In some parts of the city, an “Open Streets” designation means a chance to walk freely through neighborhoods that might otherwise be congested with cars. It means pedestrians aren’t confined to narrow sidewalks, but can wander into the middle of the road without fear of collision. It means less honking, more foot traffic for restaurants and a welcome change of pace.
But for some concerned New Yorkers on the Upper West Side, making the pandemic-era program permanent also threatens a further reduction of over a dozen parking spaces that they say are desperately needed. “I’m not fearful of much of anything around here — except losing my parking space,” said Maxine DeSeta, a retired teacher and longtime local resident. She and Herb Alter, who’s lived in the Upper West Side’s northernmost neighborhood since 1968, joined forces to create a group in opposition to impending changes, called UWS4Parking.
For the past two-plus years, a three-block stretch of West 103rd Street from Amsterdam Avenue to Riverside Drive has been shut to through traffic, with metal barricades and a speed limit of five miles per hour for locals and other vehicles. The “number one” benefit of Open Streets infrastructure is “safety for walkers and the ability to share the street,” according to Peter Frishauf, a proponent of the initiative. A plan for more radical traffic-calming features, however, has a number of residents up in arms.
A Pandemic Lifeline
In May of 2020, the Open Streets initiative was launched as a salve for cooped-up city dwellers. The program offered people more space to move around outdoors, when social distancing was taken seriously, and has been touted as an economic lifeline for local restaurants and businesses. Over 100 miles of roadway across the five boroughs are now car-free or permit only limited access to vehicles.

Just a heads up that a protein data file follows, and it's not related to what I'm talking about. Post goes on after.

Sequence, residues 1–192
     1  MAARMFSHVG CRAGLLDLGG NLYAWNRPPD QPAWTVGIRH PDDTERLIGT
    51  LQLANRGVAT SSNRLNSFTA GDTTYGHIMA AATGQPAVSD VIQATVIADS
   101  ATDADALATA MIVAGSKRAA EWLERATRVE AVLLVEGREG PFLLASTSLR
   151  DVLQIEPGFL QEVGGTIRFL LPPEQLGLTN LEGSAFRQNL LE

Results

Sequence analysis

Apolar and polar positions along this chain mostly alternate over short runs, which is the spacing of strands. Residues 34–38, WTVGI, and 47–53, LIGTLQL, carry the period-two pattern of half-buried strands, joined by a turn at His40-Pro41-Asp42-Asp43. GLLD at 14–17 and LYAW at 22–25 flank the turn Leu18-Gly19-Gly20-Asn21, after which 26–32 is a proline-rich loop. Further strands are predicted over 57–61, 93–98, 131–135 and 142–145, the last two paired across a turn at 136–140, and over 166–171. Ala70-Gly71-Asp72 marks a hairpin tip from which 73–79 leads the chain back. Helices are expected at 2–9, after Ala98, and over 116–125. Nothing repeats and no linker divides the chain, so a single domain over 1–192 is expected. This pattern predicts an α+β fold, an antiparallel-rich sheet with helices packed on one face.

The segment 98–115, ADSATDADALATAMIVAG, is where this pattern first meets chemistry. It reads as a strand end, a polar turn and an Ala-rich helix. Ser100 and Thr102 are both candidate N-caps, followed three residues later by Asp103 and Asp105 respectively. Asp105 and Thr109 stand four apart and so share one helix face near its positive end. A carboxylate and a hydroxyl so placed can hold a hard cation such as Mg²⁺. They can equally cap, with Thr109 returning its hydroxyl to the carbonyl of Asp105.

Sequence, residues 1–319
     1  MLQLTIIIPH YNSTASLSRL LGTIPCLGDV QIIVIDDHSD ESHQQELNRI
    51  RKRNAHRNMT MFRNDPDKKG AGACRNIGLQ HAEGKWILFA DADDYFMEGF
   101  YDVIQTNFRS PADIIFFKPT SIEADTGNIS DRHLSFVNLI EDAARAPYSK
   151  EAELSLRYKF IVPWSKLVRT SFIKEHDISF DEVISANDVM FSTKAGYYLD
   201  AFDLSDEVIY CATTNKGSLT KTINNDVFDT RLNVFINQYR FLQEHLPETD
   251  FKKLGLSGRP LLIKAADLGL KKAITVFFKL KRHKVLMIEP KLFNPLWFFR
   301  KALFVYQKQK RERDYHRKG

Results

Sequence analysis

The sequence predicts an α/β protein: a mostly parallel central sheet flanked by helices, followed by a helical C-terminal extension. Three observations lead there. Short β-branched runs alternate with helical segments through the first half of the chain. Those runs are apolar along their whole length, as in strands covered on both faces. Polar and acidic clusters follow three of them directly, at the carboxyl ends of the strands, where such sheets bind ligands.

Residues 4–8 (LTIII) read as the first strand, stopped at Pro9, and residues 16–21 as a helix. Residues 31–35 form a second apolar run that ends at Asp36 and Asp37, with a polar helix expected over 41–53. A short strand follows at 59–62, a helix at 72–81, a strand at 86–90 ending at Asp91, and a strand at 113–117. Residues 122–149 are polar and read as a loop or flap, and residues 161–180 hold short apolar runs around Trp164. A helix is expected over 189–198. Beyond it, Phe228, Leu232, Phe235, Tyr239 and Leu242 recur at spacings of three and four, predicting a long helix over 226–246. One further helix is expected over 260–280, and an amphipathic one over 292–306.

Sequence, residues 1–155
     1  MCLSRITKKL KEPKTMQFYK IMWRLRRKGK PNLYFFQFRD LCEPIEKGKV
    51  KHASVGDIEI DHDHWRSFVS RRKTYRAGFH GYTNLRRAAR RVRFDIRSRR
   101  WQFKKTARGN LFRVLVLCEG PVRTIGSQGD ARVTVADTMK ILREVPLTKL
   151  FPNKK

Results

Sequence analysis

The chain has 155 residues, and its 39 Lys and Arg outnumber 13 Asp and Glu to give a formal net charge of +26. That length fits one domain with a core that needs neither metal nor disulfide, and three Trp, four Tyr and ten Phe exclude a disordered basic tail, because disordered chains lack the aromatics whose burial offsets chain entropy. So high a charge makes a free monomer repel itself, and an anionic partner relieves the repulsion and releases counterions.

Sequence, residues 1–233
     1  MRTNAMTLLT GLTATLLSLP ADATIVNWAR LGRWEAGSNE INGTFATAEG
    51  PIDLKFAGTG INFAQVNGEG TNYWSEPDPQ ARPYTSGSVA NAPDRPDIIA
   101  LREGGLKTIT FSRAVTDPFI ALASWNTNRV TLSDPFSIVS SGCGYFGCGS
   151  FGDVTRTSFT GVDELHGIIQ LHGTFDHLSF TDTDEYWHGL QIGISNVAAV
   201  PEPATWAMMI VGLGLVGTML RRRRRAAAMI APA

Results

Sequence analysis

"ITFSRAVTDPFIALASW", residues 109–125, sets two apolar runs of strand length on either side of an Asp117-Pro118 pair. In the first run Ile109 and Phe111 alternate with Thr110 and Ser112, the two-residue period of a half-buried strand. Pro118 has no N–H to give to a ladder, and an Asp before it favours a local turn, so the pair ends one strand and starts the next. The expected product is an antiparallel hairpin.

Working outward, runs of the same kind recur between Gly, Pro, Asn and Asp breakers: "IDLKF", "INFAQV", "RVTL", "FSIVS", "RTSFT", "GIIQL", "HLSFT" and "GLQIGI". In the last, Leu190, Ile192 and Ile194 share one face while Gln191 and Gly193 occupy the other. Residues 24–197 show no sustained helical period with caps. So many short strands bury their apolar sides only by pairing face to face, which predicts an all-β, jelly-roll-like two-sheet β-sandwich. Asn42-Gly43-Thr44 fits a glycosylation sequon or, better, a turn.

West 103rd Street, in the Department of Transportation’s eyes, Frishauf said, was a perfect candidate. “The traffic volumes were low and the sidewalks are also very, very narrow,” he said. He’s worked to support Open Streets in his neighborhood, as a board member of the West 102nd and 103rd Streets Block Association and as part of the West 103rd Street Open Streets Community Coalition.
In addition to increasing safety for pedestrians, Frishauf sees the Open Streets initiative as a benefit to residents of the Marseilles Apartments, used as housing for seniors. “For them to get some fresh air and be outside,” he said, “they really had no good place to even sit in a wheelchair.”
Bumps In The Road
A new round of “enhancements” that would rid the blocks more permanently of through traffic was originally slated for October. But “supply chain issues” bumped construction back to November, Frishauf recalled, at which point a water main break caused further delays. Now, residents expect construction to begin imminently. Sidewalk bump-outs filled with potted plants will calm traffic, while street corner carve-outs will cater to “asphalt art,” June DOT renderings show.
Merely learning about the impending changes has been a slog, according to DeSeta and Alter. They said local community board meetings have been inaccessible, due to the technology required to join online during the pandemic and because of the general structure. “If you’re not involved in these things on a regular basis, you just don’t know how they work,” Alter said. “There’s a process that’s started — that’s been proceeding — that many of us were unaware of.”